Callaway Golf's expansion drive helped the company achieve strong results for the past year, driven by strength in its Epic line of woods, continued growth in golf balls and the successful integration of its new business ventures.
Early in 2017, the group bought Ogio International, a brand of golf bags and accessories, for $75.5 million. In the third quarter, it purchased Travis Mathew, an upmarket ten-year-old U.S. golf apparel brand, for $125.5 million in cash. The buyer said the two acquisitions led to an increase in net sales of more than $100 million in the Gear and Accessories operating segments.
Revenues were also boosted by the company's apparel joint venture in Japan, which was formed in July 2016. Callaway's management said that investments outside its core areas are all meeting or beating its expectations and should provide incremental growth and profitability over the coming years.
Sales for the 12 months ended Dec. 31 rose by 20.4 percent from the previous year to $1048.7 million, reflecting increases in all reporting regions, as well as market share gains in those regions. The growth was fueled by increases of 42.5 percent to $307.9 million in sales of woods and 6.8 percent to $162.5 million in golf balls. In the Gear and Accessories segment, revenues soared by 78.0 percent to $243.1 million. Meanwhile, sales of irons and putters dropped by 9.2 percent and 2.7 percent, respectively.
The U.S. market generated the largest increase, up by 26.5 percent to $566.4 million. The company noted that Callaway has been the U.S. market's number one golf equipment brand every month for 35 consecutive months. It credited this performance to the significant investments made over the last two years, including capital projects in its ball plant as well as the sales force, marketing and R&D.
Callaway's strong performance in its domestic market compares with a sales rise of 13.6 percent to $139.5 million in Europe, up by 16.9 percent in constant currencies, in spite of a dip in the fourth quarter. The management said that the European market was remarkably strong in 2017, delivering record revenues as measured in pounds sterling, which is the currency of record for its European subsidiary, based in the U.K. It noted that its European team was aided by favorable market conditions, as well as strong market share growth, which was partially offset by currency.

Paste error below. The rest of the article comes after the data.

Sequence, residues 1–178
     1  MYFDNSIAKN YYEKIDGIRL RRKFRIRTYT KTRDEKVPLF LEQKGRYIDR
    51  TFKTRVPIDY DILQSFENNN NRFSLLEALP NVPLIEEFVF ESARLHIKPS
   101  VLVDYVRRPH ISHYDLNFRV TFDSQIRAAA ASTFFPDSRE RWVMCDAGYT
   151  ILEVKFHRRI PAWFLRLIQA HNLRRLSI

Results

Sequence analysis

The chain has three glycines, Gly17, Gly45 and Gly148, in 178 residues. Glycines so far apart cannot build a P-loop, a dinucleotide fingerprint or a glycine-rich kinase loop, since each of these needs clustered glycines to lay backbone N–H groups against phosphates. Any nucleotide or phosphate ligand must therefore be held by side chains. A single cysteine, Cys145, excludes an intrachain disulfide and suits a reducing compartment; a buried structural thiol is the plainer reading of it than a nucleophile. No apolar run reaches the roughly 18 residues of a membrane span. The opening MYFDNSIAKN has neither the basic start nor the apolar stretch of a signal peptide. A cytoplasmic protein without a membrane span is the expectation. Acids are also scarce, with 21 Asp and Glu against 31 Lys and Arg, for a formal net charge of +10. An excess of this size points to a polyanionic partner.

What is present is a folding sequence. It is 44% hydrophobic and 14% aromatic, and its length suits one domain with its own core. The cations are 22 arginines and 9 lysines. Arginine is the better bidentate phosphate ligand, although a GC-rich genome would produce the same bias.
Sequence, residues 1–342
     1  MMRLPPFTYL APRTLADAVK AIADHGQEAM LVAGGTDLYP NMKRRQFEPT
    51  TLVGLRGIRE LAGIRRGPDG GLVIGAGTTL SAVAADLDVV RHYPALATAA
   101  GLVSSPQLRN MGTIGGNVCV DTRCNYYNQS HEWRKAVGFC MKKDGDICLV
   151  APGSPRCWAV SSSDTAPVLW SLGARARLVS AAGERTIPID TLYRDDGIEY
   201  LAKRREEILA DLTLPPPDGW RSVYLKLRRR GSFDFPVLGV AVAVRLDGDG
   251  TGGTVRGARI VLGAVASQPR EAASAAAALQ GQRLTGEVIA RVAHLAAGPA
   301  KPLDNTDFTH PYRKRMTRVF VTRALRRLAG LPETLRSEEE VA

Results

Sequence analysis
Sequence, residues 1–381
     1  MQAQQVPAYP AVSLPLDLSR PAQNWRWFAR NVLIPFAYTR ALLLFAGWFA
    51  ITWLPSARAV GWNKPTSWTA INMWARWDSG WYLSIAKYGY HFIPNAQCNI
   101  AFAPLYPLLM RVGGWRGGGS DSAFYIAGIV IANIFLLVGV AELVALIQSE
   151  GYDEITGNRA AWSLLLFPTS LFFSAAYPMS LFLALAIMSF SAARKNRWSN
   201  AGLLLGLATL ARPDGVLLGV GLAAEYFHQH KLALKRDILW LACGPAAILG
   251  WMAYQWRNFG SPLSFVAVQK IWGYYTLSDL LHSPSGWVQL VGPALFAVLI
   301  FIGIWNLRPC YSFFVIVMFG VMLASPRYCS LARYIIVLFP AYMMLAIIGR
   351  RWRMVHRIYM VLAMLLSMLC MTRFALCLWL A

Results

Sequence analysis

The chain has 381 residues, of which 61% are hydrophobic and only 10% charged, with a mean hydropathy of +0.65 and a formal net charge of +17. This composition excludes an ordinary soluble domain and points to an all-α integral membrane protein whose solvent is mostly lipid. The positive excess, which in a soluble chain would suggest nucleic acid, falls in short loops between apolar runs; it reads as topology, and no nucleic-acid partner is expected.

According to the group, its market share in golf equipment Europe was 24.3 percent, 2 percentage points higher than in the previous year. It finished the year as the number one hardgoods brand in the region - driven by being number one in drivers, fairway woods, and putters - and as the number 2 brand of golf balls, with continued growth in market share.
Callaway's turnover firmed up by 16.7 percent to $199.3 million in Japan, or by 21.3 percent in constant currencies, driven by the addition of the Callaway apparel joint venture and strong market share performance in its core equipment business. The company believes that on a market share basis, it ranks as the number one brand for golf clubs and drivers in the U.S., U.K., Europe and Japan. Sales in other Asian countries advanced by 14.1 percent to $76.5 million, and sales in other foreign countries inched up by 6.5 percent to $77 million.
Callaway's gross margin was up by 1.6 percentage points to 45.8 percent, primarily due to a favorable shift in product mix toward the higher-margin Epic woods and irons combined with overall higher average selling prices, less discounting and lower promotional activity. The adjusted Ebitda, which excludes the non-recurring Ogio and Travis Mathew transactions, increased by 72 percent to $100 million. The group's net income declined by 78.4 percent to $41 million, due to the impact of the new acquisitions.
In the seasonally small fourth quarter, the group posted a 17.1 percent increase in revenues to $192 million, while the gross margin jumped by 3 percentage points to 41.6 percent. It recorded a net loss of $19.4 million, against a net income of $123 million for the year-ago quarter. Excluding one-time items, it had a net loss of $15.2 million, up from $8.6 million.
Moving forward, the company expects growth of between 6 and 8 percent in 2018. This assumes a flat to slightly improving overall market and slightly favorable foreign currency rates. Callaway also estimates that its 2018 gross margin will be about 0.5 percentage points higher than in 2017.